In a restaurant in Mountain View, California yesterday, Google gave several small groups of journalists a chance to demo Duplex. If you don’t recall, Duplex is the AI system designed to make human-sounding voice calls on your behalf so as to automate things like booking restaurant tables and hair appointments. In the demo, we saw what it would be like for a restaurant to receive a phone call — and in fact each of us in turn took a call from Duplex as it tried to book a reservation.
The briefings were in service of the news that Google is about to begin limited testing “in the coming weeks.” If you’re hoping that means you’ll be able to try it yourself, sorry: Google is starting with “a set of trusted tester users,” according to Nick Fox, VP of product and design for the Google Assistant. It will also be limited to businesses that Google has partnered with rather than any old restaurant.
The rollout will be phased, in other words. First up will be calls about holiday hours, then restaurant reservations will come later this summer, and then finally hair cut appointments will be last. Those are the only three domains that Google has trained Duplex on.
The demos we saw had many of the same elements that made the original demonstration at Google IO so impressive: the voice sounded much more human than normal, complete with ums and ahhs. It also featured something we didn’t hear last May: each call started with an explicit statement that the call was being recorded.
There were a few variations on the disclosure, but they all included some indication that you were talking to a machine and the call was being recorded. For example, one call began with “Hi, I’m calling to make a reservation. I’m Google’s automated booking service, so I’ll record the call. Uh, can I book a table for Sunday the first?”
A few things to note about that call. The voice sounded just as natural as in the video above, not at all like a robot. There were several variations on the robot disclosure — Google seems to be testing to see which is most effective at making people feel comfortable sticking with the call. The other thing to know is every variation I heard definitely said that it was recording, usually followed by a quick “umm” before jumping in to making a request for the reservation.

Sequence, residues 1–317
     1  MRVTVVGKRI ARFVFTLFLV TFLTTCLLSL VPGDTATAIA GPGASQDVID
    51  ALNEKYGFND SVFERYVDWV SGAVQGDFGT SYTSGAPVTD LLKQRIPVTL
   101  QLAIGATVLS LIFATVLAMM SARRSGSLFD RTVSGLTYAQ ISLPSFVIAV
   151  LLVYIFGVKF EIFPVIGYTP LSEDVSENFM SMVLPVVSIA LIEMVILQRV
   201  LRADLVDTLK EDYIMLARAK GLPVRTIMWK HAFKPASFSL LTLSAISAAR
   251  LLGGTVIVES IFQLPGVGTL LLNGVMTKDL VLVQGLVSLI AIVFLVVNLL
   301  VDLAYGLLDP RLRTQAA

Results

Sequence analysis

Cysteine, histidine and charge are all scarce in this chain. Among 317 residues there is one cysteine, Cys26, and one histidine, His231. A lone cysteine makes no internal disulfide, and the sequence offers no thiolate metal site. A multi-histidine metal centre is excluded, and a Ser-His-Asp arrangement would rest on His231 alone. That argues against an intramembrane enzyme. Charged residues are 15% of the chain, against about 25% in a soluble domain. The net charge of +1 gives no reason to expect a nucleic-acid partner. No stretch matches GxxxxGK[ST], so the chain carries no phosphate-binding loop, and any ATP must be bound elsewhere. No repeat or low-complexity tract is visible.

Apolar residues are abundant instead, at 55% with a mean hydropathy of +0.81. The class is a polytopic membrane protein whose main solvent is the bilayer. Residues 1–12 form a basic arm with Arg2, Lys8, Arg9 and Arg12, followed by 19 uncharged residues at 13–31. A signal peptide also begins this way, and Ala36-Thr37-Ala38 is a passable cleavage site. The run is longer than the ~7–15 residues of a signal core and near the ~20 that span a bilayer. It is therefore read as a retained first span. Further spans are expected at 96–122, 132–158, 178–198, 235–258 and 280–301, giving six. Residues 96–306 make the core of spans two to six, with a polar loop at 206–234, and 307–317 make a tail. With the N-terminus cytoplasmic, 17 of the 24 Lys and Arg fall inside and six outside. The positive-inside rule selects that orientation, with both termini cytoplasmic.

The more natural, human-sounding voice wasn’t there in the very first prototypes that Google built (amusingly, they worked by setting a literal handset on the speaker on a laptop). According to VP of engineering for the Google Assistant Scott Huffman, “It didn’t work. …. we got a lot of hangups, we got a lot of incompletion of the task. People didn’t deal well with how unnatural it sounded.”
Part of making it sound natural enough to not trigger an aural sense of the uncanny valley was adding those ums and ahs, which Huffman identified as “speech disfluencies.” He emphasized that they weren’t there to trick anybody, but because those vocal tics “play a key part in progressing a conversation between humans.” He says it came from a well-known branch of linguistics called “pragmatics,” which encompasses all the non-word communications that happen in human speech: the ums, the ahs, the hand gestures, etc.
”Google has invented a lot of things” Huffman said, “but we did not invent ums and aahs.”
If you take a Duplex call and want to take that initial “um” as an opportunity to say “yeah no, I don’t want to be recorded,” Duplex can recognize that and end the call with something like “‘OK I’ll call back on an unrecorded line’ and then we have an operator just call back,” Fox says.
There are a few states where Duplex won’t work — Fox says Google doesn’t yet have the permitting for Texas, for example — but it should start making calls in the vast majority of the US soon. Duplex only works in English for now, but Google has worked to ensure that it is able to understand lots of dialects and accents.